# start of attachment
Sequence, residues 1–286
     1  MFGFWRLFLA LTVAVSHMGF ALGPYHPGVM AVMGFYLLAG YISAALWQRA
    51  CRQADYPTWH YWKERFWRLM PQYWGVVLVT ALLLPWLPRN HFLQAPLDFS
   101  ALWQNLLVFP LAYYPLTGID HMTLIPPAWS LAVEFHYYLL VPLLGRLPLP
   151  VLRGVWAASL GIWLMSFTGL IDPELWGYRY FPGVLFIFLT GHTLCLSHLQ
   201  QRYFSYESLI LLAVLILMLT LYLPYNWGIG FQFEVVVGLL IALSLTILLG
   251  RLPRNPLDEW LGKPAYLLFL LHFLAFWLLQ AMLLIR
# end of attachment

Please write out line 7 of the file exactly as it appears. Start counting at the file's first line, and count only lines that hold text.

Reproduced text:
   251  RLPRNPLDEW LGKPAYLLFL LHFLAFWLLQ AMLLIR